Can you afford your car? Obviously, the answer to that question is more complicated than "yes" or "no." But far more often than you might imagine, it's the latter, according to a study of the nation's 25 largest metropolitan areas by Interest.com. Now you can gauge your own financial solvency as it relates to your household vehicles — or just use the info to justify your condescending smirk/head-shake combo as your neighbor drives by in his new luxury sedan.
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"Too many families are spending way too much on new cars and trucks," Interest.com Managing Editor Mike Sante said in a statement. "Just because you can manage the monthly payment doesn't mean you should let a $30,000 or $40,000 ride gobble up such a huge share of your paycheck. You can get a great car for much less and use the savings to invest in yourself."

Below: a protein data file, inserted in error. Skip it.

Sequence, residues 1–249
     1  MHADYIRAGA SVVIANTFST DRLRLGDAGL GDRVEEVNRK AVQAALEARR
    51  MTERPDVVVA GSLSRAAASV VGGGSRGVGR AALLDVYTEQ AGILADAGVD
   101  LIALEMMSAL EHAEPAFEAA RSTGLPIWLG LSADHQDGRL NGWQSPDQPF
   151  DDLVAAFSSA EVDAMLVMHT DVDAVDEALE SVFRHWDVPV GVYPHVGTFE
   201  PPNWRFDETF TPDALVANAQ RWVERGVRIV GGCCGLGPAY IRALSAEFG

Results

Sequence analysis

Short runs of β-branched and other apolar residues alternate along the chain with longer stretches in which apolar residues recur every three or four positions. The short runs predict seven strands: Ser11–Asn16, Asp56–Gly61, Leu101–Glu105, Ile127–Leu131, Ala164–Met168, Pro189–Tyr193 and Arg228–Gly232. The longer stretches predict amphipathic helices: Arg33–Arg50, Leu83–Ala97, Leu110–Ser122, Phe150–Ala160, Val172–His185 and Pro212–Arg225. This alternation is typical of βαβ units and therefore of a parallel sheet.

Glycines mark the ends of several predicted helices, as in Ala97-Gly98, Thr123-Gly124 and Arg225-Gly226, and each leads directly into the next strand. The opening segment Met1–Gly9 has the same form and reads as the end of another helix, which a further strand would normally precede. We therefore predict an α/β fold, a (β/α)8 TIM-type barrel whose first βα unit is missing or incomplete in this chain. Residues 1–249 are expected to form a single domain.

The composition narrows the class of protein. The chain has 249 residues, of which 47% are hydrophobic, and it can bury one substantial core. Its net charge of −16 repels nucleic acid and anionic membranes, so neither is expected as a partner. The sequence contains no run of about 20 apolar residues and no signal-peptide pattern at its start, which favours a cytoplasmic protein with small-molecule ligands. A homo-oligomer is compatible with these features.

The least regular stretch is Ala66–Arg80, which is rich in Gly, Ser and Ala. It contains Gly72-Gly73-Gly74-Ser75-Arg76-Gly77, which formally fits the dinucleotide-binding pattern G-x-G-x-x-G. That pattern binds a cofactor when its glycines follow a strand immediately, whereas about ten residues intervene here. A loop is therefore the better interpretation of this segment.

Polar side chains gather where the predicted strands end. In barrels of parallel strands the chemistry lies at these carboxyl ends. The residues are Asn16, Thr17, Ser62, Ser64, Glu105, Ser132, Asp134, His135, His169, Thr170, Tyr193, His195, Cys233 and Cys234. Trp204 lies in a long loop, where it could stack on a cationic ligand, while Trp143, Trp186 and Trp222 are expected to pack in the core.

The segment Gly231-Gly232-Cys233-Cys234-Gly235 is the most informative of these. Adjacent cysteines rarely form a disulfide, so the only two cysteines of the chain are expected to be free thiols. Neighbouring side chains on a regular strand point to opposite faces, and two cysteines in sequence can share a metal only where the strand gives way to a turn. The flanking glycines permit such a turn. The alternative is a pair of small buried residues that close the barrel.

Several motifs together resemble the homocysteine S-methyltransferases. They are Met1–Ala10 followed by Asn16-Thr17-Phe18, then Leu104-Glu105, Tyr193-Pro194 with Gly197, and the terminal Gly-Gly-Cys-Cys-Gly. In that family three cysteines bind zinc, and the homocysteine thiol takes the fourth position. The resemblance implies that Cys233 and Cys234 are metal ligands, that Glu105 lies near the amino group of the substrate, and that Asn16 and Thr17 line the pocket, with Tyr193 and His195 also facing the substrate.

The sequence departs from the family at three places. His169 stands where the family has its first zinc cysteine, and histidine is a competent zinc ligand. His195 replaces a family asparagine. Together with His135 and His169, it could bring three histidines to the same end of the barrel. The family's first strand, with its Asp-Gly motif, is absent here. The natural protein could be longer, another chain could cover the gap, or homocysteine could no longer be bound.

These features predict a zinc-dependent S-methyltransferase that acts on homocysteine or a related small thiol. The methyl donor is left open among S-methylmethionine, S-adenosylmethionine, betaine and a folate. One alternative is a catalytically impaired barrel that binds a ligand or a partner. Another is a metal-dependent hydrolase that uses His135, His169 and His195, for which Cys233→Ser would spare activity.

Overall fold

The study calculated how much a household can afford to spend on a car or light-duty truck using the so-called 20/4/10 rule: a down payment of at least 20 percent; a financing term of no more than 48 months; and principal, interest and insurance not exceeding 10 percent of a household's gross income. Washington, D.C., San Francisco and Boston led the charge in ability to afford vehicles, while Miami and Tampa, Fla., car owners were at the bottom of the list. The nation's three largest cities were clustered toward the middle of the list of 25, with New York at No. 10, Chicago at No. 12 and Los Angeles at No. 14.